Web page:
A LOT

Here’s how much every videogame console would cost today

Obsession
How We Buy
Obsession
How We Buy

Videogame consoles are big-ticket items, especially for kids. They save up their allowance all year for the chance to pick up the latest games system. If they’ve got generous parents, they may get one for Christmas in a moment of pure ecstatic bliss.

That makes the pricing of the new virtual reality devices worth considering. Facebook’s Oculus Rift, the HTC Vive, and Sony’s PlayStation VR systems will be reaching consumers in the coming months, and some have criticized the new devices as too expensive. While it’s true that most consumers will have to buy a more powerful PC (or buy a PlayStation 4) to use these revolutionary new systems, they aren’t in and of themselves wildly different in price than than what’s come before:

Some of the earliest consoles in the 1970s cost far more than today’s machines. A relatively unpopular system from 1990, the NEO GEO, was the most expensive console of the last 40 years. It would cost nearly $1,200 to buy one with 2016 dollars. Oculus’s and HTC’s devices are near the top of the list, and arguably could be the most expensive videogame systems of all time, but only if you throw in the roughly $1,000 machine you’ll need to use them.

The best deal of the last 40 years was Nintendo’s GameCube. The Japanese games-maker’s consoles were consistently among the cheapest ever made. Even Nintendo’s first system, the Nintendo Entertainment System, cost less than the average inflation-adjust price of a console on the list, which was $518.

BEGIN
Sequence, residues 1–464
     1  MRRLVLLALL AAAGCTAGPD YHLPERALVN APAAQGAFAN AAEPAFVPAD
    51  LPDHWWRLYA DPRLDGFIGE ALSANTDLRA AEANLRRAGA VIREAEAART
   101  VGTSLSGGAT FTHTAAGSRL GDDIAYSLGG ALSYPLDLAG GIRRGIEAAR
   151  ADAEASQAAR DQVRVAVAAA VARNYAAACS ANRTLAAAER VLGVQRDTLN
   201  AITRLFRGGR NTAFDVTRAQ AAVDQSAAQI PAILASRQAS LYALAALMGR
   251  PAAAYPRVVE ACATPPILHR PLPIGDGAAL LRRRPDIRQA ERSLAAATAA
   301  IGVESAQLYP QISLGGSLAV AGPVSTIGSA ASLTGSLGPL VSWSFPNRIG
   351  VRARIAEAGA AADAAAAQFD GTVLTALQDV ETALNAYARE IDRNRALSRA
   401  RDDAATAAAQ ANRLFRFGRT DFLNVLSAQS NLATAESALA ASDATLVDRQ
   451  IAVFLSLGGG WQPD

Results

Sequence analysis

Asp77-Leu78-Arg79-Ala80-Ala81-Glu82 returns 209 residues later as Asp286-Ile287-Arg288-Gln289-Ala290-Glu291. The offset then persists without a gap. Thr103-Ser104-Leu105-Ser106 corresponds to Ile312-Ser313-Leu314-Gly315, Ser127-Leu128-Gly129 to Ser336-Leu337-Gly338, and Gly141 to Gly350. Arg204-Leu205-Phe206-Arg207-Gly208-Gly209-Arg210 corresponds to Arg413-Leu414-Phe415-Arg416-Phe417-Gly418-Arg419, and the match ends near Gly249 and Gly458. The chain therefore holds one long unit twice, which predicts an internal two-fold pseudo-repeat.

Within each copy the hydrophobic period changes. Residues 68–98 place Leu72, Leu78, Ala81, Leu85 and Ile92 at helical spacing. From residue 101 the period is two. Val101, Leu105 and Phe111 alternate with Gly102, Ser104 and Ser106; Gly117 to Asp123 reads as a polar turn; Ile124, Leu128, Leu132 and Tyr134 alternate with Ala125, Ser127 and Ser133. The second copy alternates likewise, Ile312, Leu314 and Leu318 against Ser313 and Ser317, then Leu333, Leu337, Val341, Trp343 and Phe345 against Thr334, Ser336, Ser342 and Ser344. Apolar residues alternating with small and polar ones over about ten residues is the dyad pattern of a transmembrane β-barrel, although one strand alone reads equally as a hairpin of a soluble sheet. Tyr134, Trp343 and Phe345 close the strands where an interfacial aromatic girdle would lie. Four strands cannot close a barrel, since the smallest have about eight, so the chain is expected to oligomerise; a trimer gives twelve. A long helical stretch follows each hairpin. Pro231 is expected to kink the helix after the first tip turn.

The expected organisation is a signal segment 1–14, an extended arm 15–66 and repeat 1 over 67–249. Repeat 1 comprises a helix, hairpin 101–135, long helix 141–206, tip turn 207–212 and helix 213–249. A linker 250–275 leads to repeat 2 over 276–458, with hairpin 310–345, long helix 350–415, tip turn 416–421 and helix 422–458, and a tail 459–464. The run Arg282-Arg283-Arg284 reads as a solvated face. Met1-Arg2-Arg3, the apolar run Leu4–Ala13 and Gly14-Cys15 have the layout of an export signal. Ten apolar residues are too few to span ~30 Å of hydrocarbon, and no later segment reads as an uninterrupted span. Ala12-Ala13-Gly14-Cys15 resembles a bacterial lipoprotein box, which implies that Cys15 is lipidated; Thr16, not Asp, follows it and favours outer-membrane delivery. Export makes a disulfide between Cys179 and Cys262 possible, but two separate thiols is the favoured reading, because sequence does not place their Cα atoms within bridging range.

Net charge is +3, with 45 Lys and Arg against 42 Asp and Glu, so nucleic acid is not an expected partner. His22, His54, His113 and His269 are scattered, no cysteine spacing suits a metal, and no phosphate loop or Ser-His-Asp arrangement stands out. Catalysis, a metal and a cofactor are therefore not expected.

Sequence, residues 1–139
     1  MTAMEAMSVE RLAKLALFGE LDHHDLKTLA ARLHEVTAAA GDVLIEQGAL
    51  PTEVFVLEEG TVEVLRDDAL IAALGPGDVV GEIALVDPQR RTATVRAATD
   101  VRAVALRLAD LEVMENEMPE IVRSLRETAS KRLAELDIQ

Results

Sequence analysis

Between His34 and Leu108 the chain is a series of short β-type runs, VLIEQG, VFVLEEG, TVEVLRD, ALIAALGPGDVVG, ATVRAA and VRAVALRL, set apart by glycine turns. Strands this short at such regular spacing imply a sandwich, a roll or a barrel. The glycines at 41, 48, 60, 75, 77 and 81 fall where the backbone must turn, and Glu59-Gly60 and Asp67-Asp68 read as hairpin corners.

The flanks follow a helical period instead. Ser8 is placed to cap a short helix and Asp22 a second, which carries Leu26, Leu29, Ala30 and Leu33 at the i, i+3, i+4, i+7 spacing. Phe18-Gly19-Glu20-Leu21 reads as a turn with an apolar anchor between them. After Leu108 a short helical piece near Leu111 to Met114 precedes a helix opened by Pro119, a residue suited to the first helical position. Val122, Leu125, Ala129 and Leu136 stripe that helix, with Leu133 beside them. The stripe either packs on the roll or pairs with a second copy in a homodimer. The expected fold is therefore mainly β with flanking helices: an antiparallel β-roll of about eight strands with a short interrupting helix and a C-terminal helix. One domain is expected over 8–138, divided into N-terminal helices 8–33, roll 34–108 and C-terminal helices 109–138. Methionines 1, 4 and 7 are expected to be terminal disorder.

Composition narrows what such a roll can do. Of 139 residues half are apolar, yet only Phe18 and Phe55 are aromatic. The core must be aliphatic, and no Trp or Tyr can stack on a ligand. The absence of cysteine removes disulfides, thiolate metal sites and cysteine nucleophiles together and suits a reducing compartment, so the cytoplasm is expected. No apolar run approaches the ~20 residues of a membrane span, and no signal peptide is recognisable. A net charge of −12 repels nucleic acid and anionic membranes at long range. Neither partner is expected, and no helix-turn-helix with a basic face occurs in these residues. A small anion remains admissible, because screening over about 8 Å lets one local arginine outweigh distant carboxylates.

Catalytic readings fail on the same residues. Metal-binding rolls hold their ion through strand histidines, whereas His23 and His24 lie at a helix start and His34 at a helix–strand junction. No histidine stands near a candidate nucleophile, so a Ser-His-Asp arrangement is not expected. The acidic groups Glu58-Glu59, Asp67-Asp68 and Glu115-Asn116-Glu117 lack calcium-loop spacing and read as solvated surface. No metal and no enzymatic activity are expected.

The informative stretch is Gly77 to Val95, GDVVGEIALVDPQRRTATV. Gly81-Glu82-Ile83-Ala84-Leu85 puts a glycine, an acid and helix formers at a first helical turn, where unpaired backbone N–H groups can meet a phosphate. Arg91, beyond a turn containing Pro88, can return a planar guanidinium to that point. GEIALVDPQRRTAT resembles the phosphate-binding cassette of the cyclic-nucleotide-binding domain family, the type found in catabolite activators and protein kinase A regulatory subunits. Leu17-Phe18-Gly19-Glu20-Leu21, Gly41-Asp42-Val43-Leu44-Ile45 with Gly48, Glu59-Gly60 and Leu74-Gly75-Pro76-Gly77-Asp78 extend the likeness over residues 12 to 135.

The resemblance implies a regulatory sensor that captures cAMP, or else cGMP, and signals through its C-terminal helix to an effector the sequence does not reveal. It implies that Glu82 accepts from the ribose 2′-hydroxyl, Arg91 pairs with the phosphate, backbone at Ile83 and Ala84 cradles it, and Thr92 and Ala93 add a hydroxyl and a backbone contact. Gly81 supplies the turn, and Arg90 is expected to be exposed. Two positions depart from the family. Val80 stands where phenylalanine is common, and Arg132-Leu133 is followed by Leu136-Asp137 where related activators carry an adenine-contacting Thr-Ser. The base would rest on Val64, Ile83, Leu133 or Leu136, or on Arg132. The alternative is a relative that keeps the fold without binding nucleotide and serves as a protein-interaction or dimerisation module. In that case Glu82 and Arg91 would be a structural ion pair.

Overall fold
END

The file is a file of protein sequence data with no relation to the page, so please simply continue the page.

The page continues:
But let’s not forget: Nintendo also created perhaps the greatest flop in videogame history: The Virtual Boy. The first real foray in consumer VR reportedly only sold 770,000 units worldwide, made people nauseous, and cost $180, or $280 in today’s dollars. (I didn’t include it in the list above as it was technically meant to be a “portable” system, like a Game Boy, although you needed to set it down on a table to actually use it.)

Hopefully high prices, new technology and tons of hype won’t let the same fate befall virtual reality this time around.

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